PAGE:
Artificial Intelligence Researchers Design Fault Detection Method for Safety-Critical Machine Learning

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Researchers from MIT, Stanford University, and the University of Pennsylvania have developed a method to predict the failure rates of safety-critical machine learning systems and effectively determine their rate of occurrence. Safety-critical machine learning systems make decisions for automated technologies such as self-driving cars, robotic surgery, pacemakers, and autonomous flight systems for helicopters and airplanes. Unlike AI that helps you write an email or recommend a song, safety-critical system failures can lead to serious injury or death. Problems with such machine learning systems can also lead to financially costly events like SpaceX missing its landing strip.

The researchers say their neural bridge sampling method offers regulators, academics and industry experts a common reference to discuss the risks associated with deploying complex machine learning systems in safety-critical environments. In an article entitled “Neural Bridge Sampling for Evaluating Safety-Critical Autonomous Systems”, recently published on arXiv, the authors argue that their approach can satisfy both the public’s right to know that a system has been rigorously tested and an organization’s desire to treat AI models as trade secrets. In fact, some AI startups and big tech companies refuse to grant access to raw models for testing and verification for fear that such inspections will reveal confidential information.

“They don’t want to tell you what’s inside the black box, so we need to be able to look at these systems from afar without dissecting them,” co-lead author Matthew O’Kelly told VentureBeat during of a telephone interview. “And so one of the benefits of the methods that we’re proposing is that basically somebody can send you a scrambled description of that generated model, give you a bunch of distributions, and get you out of it, and then return the search space and scores. They don’t tell you what actually happened during the deployment.

Safety-critical systems have failure rates so low that the rates can be difficult to calculate, and the better the systems get, the harder it is to estimate, O’Kelly said. To arrive at a predicted failure rate, a novel Markov Chain Monte Carlo (MCMC) scheme is used to identify areas of a distribution that are assumed to be near a failure event.

“Then you continue this process and you build what we call this ladder towards the failing regions. You keep going from bad to worse playing against the Tesla autopilot algorithm or the pacemaker algorithm to keep pushing it to failures that are getting worse and worse,” said co-lead author Aman Sinha .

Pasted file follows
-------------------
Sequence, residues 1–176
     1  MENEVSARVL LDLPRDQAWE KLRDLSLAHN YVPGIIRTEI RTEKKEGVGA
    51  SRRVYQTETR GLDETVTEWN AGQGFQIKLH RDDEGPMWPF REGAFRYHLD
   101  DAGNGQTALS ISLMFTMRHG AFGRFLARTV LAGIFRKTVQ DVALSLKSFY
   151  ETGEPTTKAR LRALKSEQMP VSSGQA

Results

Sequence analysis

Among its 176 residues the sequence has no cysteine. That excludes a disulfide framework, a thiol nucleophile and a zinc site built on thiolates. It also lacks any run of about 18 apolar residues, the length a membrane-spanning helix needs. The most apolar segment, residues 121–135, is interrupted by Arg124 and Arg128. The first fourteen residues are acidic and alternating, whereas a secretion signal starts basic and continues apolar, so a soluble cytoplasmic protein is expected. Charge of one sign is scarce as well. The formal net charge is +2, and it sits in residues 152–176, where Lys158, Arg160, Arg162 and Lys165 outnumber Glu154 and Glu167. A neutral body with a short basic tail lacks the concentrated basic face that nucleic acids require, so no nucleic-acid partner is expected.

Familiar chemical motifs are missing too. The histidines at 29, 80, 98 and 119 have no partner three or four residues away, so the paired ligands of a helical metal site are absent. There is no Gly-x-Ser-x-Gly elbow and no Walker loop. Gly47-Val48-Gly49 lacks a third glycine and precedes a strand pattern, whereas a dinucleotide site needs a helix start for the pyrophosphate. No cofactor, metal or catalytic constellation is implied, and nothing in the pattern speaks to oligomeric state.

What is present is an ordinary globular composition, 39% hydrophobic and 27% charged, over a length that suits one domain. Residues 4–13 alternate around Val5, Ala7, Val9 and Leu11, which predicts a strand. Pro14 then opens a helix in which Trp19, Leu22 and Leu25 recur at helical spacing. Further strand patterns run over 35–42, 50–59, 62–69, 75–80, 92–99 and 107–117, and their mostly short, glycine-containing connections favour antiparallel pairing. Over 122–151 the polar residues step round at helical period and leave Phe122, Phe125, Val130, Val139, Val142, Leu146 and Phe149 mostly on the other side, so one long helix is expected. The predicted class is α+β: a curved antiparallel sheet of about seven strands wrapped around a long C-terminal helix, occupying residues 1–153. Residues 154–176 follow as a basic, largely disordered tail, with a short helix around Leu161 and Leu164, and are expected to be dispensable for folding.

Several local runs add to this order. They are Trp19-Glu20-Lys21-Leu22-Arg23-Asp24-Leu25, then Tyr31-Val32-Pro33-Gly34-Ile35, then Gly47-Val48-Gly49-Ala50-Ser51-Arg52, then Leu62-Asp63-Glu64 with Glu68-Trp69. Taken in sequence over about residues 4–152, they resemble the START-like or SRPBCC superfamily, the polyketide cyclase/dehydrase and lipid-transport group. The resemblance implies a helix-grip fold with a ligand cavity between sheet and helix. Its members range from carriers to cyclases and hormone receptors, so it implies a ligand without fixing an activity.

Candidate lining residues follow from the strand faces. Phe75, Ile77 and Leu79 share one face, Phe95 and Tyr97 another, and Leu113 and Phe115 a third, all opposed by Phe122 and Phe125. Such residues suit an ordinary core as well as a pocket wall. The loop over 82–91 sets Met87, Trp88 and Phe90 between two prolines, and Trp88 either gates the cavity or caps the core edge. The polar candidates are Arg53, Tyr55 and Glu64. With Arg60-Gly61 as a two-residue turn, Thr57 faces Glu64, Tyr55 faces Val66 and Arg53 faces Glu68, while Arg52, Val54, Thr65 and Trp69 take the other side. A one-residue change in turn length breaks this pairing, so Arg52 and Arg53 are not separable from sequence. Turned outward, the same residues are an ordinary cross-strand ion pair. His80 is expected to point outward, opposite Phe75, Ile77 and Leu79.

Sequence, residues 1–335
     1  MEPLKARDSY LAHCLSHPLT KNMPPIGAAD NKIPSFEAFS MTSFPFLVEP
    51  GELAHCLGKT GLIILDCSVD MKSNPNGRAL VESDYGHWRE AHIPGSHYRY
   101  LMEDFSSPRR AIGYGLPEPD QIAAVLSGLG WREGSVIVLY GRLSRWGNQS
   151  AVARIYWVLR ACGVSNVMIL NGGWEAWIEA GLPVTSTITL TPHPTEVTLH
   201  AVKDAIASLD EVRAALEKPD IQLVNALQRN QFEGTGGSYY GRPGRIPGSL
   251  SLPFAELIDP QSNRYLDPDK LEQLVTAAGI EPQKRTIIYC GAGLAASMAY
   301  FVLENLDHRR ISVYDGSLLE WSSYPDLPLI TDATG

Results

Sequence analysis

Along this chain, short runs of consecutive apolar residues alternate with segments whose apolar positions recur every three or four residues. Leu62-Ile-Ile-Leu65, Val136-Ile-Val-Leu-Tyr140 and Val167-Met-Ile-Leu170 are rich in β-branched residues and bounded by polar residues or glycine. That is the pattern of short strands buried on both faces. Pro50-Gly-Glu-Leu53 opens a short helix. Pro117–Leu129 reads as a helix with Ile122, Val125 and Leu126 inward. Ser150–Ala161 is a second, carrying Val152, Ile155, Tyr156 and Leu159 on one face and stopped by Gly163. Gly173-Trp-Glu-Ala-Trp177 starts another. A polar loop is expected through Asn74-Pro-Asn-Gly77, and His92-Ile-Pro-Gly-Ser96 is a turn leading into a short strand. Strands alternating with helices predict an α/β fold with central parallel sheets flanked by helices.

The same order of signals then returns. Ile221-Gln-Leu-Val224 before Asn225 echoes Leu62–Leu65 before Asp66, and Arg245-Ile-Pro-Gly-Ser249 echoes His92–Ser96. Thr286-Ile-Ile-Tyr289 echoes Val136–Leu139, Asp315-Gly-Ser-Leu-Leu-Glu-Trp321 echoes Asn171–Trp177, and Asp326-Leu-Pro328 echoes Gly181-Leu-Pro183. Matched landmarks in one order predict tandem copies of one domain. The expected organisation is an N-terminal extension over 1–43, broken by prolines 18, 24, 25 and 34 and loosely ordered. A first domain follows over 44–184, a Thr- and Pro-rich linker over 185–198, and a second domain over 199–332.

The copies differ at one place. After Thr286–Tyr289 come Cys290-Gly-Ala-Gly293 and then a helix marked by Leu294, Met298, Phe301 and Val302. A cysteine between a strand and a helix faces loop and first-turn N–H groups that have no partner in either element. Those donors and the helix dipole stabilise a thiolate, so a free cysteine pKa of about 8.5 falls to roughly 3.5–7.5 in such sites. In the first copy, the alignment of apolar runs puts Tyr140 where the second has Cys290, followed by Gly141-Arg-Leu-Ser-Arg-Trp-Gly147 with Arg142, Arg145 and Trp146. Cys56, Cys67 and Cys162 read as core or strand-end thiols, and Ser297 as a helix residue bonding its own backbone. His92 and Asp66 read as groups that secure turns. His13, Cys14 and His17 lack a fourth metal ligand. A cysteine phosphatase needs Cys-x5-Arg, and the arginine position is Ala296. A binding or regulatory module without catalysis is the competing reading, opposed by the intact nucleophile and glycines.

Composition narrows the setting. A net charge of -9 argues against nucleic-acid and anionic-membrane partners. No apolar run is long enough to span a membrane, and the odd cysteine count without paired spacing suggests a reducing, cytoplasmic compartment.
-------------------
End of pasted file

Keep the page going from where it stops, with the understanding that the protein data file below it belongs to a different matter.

The neural bridge sampling method detailed in the article relies on decades-old statistical techniques, as well as on book published in part by O’Kelly and Sinha which uses a simulation test framework to evaluate a black box autonomous vehicle system. In addition to the contribution of the neural bridge in the article, the authors argue for continued progress in privacy-conscious technologies, such as federated learning and differential privacy, and urge more researchers and people with technical knowledge to join regulatory conversations and contribute to driving policy.

“We would like to see more initiatives based on statistics and science, in terms of regulation and policy around things like autonomous vehicles,” O’Kelly said. “We think this is such a new technology that information will have to flow fairly quickly from the academic community to the companies making the objects to the government who will be responsible for regulating them.”

In other recent safety-critical systems news, autonomous navigation has grown during the COVID-19 pandemic, and last week a team of researchers detailed DuckieNet, a physical model for evaluating autonomous vehicles. and robotic systems. Also last week: Medical experts presented the first set of standards for reporting the use of artificial intelligence in medical clinical trials.

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James G. Williams